objects.

   Sending agent:     Software that creates S/MIME CMS objects.

   S/MIME agent:      User software that is a receiving agent, a sending
                      agent, or both.

1.4.  Compatibility with Prior Practice of S/MIME

   There are believed to be no existing X.400 implementations that
   support S/MIME version 2.  Further, signed interoperability between
   X.400 and MIME systems that support S/MIME version 2 is not believed

   to be easily achievable.  Therefore backward compatibility with
   S/MIME version 2 is not considered to be a requirement for this
   document.

   It is a goal of this document to, if possible, maintain backward
   compatibility with existing X.400 implementations that employ S/MIME
   v3.1 wrappers.

2.  CMS Options

   CMS allows for a wide variety of options in content and algorithm
   support.  This section puts forth a number of support requirements
   and recommendations in order to achieve a base level of
   interoperability among all CMS-X.400 implementations.  [CMS] provides
   additional details regarding the use of the cryptographic algorithms.

2.1.  DigestAlgorithmIdentifier

   Sending and receiving agents MUST support SHA-1 [CMSALG].

2.2.  SignatureAlgorithmIdentifier

   Receiving agents MUST support id-dsa-with-sha1 defined in [CMSALG].
   The algorithm parameters MUST be absent (not encoded as NULL).
   Receiving agents MUST support rsaEncryption, defined in [CMSALG].

   Sending agents MUST support either id-dsa-with-sha1 or rsaEncryption.

2.3.  KeyEncryptionAlgorithmIdentifier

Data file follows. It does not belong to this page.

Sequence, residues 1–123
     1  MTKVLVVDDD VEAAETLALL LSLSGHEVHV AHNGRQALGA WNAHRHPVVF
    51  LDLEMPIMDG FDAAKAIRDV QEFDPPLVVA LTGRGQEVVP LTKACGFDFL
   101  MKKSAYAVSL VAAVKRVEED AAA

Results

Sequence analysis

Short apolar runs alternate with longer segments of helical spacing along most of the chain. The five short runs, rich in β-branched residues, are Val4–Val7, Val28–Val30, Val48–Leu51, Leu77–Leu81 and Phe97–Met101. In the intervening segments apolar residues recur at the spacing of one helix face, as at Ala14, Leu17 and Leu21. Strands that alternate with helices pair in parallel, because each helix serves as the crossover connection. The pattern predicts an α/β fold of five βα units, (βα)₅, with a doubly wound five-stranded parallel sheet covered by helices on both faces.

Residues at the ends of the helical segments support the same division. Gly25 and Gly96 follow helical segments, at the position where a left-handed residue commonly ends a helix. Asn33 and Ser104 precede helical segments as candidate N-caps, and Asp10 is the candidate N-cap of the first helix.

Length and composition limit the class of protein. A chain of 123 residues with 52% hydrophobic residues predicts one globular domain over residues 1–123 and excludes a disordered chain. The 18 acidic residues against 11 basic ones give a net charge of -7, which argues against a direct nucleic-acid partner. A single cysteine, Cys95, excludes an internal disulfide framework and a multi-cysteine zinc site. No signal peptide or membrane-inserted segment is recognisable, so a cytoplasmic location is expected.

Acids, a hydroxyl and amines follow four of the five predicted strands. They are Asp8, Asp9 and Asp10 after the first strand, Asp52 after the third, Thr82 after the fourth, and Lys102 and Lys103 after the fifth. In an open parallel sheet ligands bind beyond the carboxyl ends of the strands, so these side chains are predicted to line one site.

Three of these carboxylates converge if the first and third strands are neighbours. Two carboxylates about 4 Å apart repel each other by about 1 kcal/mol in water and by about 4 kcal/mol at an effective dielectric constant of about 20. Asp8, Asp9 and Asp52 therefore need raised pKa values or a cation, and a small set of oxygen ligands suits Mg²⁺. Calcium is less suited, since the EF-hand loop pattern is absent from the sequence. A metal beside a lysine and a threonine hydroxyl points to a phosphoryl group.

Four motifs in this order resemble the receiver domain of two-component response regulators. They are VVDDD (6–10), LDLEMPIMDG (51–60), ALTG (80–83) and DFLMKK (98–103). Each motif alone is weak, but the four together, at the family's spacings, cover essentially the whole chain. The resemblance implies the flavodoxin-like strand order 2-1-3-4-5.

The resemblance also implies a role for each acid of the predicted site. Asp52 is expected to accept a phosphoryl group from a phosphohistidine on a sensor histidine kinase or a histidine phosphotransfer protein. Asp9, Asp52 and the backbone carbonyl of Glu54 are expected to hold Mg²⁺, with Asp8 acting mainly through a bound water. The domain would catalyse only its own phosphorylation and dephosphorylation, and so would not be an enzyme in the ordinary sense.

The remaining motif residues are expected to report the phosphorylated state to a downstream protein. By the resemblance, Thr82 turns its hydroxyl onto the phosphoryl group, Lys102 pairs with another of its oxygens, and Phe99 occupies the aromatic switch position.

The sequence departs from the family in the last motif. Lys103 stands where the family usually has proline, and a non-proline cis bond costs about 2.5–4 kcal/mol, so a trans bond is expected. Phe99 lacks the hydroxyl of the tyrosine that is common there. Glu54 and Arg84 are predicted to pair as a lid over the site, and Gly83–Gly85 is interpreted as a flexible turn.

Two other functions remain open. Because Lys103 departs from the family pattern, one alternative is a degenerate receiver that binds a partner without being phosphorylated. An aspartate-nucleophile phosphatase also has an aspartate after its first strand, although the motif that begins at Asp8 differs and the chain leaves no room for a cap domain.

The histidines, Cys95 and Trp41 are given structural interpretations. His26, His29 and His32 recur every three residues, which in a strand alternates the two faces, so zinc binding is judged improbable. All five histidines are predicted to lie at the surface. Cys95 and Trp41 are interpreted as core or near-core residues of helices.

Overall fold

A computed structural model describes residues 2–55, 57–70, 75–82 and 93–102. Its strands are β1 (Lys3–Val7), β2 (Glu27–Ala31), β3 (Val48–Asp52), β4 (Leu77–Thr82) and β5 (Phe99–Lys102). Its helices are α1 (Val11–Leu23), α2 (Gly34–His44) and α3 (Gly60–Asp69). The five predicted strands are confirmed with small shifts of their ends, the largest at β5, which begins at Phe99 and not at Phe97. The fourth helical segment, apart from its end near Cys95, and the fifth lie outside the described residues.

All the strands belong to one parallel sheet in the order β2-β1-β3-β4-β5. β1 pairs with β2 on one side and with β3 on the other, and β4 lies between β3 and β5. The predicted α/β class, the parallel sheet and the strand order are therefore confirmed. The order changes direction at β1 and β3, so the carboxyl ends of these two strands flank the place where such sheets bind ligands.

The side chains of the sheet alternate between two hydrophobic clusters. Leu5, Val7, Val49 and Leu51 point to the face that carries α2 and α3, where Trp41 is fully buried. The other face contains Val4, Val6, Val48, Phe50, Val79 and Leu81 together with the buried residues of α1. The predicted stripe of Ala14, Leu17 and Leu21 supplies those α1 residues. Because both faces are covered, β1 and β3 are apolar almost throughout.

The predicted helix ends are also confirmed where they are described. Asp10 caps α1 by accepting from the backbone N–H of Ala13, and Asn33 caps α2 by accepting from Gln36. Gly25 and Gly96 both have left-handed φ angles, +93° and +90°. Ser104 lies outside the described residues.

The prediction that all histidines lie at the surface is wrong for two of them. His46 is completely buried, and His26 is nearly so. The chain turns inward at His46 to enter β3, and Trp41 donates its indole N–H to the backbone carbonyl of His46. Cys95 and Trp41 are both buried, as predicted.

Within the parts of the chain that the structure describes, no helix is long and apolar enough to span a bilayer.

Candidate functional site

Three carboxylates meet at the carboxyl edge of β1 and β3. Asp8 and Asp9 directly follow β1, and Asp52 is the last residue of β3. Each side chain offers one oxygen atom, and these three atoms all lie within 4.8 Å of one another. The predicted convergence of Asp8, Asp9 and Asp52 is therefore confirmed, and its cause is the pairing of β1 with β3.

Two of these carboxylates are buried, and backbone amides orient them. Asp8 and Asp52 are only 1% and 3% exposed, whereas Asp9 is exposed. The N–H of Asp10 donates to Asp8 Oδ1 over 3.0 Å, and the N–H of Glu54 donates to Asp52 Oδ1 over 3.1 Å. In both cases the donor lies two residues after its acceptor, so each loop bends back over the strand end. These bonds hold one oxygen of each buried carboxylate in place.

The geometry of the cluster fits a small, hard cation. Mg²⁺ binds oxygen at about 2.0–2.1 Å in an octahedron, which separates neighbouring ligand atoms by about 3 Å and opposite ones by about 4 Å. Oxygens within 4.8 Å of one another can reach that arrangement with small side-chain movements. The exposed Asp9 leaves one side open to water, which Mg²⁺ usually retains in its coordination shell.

Sending and receiving agents MUST support rsaEncryption, defined in
   [CMSALG].

   Sending and receiving agents SHOULD support Diffie-Hellman defined in
   [CMSALG].

2.4.  General Syntax

   The general syntax of CMS objects consist of an instance of the
   ContentInfo structure containing one of several defined CMS content
   types.  CMS defines multiple content types.  Of these, only the
   SignedData and EnvelopedData content types are used for CMS-X.400.

2.4.1.  SignedData Content Type

   Sending agents MUST use the signedData content type to apply a
   digital signature to a message or, in a degenerate case where there
   is no signature information, to convey certificates.

2.4.2.  EnvelopedData Content Type

   Senders MUST use the envelopedData content type to apply privacy
   protection to a message.  A sender needs to have access to a public
   key for each intended message recipient to use this service.  This
   content type does not provide authentication.

2.5.  Attribute SignerInfo Type

   The SignerInfo type allows the inclusion of unsigned and signed
   attributes to be included along with a signature.

   Receiving agents MUST be able to handle zero or one instance of each
   of the signed attributes listed here.  Sending agents SHOULD generate
   one instance of each of the following signed attributes in each CMS-